A recent breach of HIPAA reported in the news reinforces the need for employers to have and monitor document destruction policies, including the policies of its service providers. BAS has a standing policy of shredding all paper documents with personal identifying information.
Litton & Giddings Radiological Associates, a radiology practice with multiple locations in Missouri, contracted its patient billing to an outside billing company. The janitorial services provider for the billing company mistakenly removed documents from a locked shred bin and placed them in another locked container with other recyclable materials. The documents were not shredded before being transferred to the universal recycling container. The locked container was sent to a recycling center where the items were sorted for recycling and eventually destroyed. The recycling process was largely automated, but facility employees occasionally manually sorted materials and might have viewed the patient billing records.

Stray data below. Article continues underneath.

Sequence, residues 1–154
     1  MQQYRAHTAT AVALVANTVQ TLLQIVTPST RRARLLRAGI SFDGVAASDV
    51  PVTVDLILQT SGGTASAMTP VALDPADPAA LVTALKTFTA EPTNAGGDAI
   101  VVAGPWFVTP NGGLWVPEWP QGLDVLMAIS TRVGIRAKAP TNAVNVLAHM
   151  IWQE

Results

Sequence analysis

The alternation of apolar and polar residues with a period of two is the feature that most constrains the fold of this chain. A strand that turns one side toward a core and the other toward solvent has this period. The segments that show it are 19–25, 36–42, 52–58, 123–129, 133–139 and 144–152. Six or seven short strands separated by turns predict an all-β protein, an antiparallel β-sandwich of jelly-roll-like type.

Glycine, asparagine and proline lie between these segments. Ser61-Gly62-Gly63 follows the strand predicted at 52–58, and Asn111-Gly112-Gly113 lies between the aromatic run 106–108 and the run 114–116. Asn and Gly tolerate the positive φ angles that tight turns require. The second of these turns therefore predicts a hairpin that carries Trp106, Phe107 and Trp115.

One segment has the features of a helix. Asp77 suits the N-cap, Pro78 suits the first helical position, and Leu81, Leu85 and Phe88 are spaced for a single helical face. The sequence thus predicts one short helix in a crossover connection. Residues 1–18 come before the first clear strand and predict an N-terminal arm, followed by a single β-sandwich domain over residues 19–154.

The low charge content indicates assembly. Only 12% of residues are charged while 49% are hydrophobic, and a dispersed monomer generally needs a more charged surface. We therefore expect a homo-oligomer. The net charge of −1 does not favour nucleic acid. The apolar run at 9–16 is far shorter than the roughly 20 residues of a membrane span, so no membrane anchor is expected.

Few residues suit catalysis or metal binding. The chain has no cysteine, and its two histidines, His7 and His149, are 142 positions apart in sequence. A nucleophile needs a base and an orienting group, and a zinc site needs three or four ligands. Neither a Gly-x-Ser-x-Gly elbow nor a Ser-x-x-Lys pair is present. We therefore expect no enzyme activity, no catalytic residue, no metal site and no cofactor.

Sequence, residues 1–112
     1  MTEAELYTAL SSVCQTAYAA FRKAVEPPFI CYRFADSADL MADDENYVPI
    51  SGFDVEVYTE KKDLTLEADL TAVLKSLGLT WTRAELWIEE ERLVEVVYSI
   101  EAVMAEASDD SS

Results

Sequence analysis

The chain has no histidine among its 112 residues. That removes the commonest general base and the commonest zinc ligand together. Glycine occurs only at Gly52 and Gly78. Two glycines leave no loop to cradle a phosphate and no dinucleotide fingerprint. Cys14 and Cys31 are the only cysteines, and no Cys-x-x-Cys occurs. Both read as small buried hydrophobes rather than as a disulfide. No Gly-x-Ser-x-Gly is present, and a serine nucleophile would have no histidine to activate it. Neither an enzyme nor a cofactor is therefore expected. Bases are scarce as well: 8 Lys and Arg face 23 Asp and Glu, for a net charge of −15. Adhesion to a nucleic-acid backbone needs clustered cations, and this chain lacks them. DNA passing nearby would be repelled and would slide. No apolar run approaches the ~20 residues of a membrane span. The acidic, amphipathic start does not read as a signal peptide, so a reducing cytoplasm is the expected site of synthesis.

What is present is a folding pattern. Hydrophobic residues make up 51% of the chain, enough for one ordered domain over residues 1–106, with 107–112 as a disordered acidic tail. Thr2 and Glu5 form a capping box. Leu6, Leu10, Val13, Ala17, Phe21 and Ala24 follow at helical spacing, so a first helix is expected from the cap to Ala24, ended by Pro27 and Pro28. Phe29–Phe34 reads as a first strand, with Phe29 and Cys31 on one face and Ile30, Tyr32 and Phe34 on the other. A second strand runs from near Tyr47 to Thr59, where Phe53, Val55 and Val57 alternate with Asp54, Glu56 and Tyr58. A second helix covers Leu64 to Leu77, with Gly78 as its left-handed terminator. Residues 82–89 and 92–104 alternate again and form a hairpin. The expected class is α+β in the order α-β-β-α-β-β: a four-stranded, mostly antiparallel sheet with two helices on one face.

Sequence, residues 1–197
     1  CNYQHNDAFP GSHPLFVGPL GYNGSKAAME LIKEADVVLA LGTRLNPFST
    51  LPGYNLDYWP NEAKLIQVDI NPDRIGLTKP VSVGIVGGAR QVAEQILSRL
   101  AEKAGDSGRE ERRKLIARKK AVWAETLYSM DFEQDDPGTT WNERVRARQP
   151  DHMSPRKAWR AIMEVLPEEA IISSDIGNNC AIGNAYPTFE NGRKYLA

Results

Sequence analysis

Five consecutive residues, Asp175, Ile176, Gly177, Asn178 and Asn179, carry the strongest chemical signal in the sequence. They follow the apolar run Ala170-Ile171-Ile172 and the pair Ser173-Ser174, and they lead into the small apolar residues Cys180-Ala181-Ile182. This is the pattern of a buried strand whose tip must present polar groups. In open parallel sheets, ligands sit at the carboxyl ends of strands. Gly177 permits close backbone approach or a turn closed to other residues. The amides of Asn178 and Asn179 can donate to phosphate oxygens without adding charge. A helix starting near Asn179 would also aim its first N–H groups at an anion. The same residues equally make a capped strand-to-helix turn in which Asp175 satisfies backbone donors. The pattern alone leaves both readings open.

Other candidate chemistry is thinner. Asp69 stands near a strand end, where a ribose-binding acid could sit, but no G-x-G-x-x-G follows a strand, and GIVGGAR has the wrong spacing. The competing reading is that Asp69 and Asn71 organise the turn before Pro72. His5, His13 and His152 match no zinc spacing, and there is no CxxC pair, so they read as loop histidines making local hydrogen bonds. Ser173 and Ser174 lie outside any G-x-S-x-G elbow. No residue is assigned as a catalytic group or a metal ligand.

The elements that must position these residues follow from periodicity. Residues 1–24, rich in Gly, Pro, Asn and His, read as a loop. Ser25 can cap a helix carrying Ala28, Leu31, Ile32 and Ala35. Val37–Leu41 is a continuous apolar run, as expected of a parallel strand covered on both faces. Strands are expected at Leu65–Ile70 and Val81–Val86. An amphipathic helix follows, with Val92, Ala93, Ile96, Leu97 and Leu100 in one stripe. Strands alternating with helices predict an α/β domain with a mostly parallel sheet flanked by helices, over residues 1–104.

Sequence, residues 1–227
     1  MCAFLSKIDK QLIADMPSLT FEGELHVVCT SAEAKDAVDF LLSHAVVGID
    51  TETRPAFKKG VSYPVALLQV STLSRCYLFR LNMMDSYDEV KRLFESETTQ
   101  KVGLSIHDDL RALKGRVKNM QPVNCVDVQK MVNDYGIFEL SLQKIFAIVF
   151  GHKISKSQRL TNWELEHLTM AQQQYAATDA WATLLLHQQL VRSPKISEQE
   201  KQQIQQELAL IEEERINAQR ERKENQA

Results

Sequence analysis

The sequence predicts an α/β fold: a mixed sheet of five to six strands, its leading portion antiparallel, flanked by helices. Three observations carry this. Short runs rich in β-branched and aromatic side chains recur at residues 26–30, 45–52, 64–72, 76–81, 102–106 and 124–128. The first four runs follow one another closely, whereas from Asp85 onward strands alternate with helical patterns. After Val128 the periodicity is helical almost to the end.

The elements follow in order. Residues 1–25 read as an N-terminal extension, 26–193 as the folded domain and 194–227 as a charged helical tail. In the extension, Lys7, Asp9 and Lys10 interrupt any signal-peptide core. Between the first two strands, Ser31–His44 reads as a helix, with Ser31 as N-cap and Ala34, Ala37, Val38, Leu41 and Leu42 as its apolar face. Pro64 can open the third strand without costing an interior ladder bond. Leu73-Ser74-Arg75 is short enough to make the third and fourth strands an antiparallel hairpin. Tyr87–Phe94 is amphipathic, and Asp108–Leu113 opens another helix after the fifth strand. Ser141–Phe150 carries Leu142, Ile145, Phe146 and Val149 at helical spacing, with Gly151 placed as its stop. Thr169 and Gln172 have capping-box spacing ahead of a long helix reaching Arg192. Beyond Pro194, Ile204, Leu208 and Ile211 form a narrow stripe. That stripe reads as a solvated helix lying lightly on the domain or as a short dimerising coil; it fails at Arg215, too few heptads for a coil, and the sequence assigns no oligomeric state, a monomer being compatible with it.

While it was not clear how many billing records were sent to the recycling center, it could have been records for up to 13,000 patients.
LGRA determined that there could have been a potential breach under the HITECH amendments to HIPAA and notified all of their patients with billing activity during the time period at issue. HITECH requires notification of a breach of unsecured protected health information if the unauthorized access of that information could cause the person financial or reputational harm.
This recent event highlights the importance of monitoring all processes that involve PHI. BAS has a standard practice of shredding paper containing PHI or sensitive information. Paper with PHI that must be retained is kept secure with physical and administrative safeguards.